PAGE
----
To send content items to your account,
please confirm that you agree to abide by our usage policies.
If this is the first time you use this feature, you will be asked to authorise Cambridge Core to connect with your account.
Find out more about sending content to .
To send content items to your Kindle, first ensure email@example.com
is added to your Approved Personal Document E-mail List under your Personal Document Settings
on the Manage Your Content and Devices page of your Amazon account. Then enter the ‘name’ part
of your Kindle email address below.
Find out more about sending to your Kindle.
Note you can select to send to either the @free.kindle.com or @kindle.com variations.
‘@free.kindle.com’ emails are free but can only be sent to your device when it is connected to wi-fi.
‘@kindle.com’ emails can be delivered even when you are not connected to wi-fi, but note that service fees apply.
It is a commonplace that much of contemporary metaphysics is deeply bound up with the metaphysical modalities: metaphysical possibility and necessity. To take one central instance, the mind-body problem, in its most familiar contemporary form, appears as a problem about property identities, and it is hard to imagine discussing any issue about property identity without calling on the idea of metaphysical possibility. If we want to ask whether the property of being conscious, or being in pain, or having this sort of pain S, is identical with some physical or functional property P – say, the property of having such-and-such neurons firing in such-and-such a way – we typically begin by asking whether I could have had these neurons firing in this particular way, without experiencing S. And the could here is the could of metaphysical possibility.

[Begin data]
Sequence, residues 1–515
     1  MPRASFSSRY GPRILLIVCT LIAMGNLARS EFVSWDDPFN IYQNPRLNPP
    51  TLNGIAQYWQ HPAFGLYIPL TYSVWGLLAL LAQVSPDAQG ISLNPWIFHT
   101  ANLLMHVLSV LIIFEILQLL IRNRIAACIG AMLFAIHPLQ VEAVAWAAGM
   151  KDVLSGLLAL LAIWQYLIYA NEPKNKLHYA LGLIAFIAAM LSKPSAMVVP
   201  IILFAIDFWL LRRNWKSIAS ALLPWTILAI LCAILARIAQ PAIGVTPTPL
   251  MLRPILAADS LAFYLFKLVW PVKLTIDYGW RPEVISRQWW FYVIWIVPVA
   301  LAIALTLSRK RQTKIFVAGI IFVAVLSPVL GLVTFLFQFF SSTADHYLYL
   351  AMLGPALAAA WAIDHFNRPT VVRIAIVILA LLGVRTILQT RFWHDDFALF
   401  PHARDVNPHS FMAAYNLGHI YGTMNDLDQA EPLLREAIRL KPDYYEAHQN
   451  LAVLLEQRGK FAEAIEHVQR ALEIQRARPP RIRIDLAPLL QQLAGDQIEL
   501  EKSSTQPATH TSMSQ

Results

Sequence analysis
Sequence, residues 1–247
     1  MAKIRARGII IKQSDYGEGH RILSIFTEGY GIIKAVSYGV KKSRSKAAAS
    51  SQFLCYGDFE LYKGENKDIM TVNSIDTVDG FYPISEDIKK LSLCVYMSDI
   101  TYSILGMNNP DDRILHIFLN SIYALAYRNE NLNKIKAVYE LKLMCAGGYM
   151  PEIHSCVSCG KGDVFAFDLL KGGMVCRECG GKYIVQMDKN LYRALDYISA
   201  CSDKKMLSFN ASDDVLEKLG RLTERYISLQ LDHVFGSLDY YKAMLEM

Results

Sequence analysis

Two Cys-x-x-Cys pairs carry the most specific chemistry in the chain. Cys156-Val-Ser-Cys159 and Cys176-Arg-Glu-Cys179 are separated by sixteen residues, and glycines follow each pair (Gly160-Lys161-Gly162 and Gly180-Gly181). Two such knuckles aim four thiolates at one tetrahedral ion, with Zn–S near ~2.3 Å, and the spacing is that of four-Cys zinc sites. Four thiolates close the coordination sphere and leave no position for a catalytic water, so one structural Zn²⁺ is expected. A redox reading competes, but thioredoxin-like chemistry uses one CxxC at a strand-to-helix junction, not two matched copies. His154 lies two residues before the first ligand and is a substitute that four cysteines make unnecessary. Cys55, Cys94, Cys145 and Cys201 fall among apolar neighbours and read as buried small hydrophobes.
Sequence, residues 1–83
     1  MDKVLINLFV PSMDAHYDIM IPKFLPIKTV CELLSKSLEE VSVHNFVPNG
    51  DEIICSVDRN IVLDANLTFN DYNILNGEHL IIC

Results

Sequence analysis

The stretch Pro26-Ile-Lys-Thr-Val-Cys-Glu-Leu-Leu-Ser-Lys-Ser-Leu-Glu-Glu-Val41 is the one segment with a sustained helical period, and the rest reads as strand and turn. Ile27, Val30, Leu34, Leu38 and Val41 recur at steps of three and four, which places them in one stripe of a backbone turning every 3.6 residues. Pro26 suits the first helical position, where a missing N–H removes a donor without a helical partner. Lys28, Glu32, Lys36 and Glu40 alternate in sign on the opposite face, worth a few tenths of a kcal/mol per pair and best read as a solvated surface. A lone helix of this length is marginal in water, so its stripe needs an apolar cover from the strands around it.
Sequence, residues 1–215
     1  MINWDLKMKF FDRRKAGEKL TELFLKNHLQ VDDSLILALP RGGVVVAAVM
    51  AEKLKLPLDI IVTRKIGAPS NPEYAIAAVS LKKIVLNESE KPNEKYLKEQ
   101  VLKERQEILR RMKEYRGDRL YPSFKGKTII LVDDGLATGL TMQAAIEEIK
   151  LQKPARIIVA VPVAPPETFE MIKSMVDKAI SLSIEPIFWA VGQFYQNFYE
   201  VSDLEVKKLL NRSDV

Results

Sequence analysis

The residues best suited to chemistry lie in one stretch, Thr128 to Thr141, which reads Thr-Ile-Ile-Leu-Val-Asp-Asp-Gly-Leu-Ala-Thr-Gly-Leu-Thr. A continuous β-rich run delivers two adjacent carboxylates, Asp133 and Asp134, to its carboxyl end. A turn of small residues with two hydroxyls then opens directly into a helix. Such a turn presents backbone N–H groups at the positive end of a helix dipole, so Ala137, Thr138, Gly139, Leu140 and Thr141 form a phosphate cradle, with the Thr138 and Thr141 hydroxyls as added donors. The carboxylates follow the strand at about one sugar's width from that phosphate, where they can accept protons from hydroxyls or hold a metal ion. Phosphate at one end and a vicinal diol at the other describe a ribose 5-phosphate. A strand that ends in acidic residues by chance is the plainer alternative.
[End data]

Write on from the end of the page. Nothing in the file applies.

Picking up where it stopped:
As we all know, these questions about what could be the case – metaphysically could – are far from easy to answer. There are, it seems to me, two features of the notion of metaphysical possibility that combine to make them hard to settle, either negatively or positively. What makes them hard to settle negatively is that because metaphysical possibility is supposed to be a kind of possibility distinct from physical possibility, styles of argument that work very well to show that various describable situations are not physically possible do not carry over to show that the same situations are not metaphysically possible. Most of us would agree that the standard correlations between brain and pain already give us excellent reasons for believing that it is not physically possible for there to be a perfect neurological duplicate of me who feels no pain at the dentist's.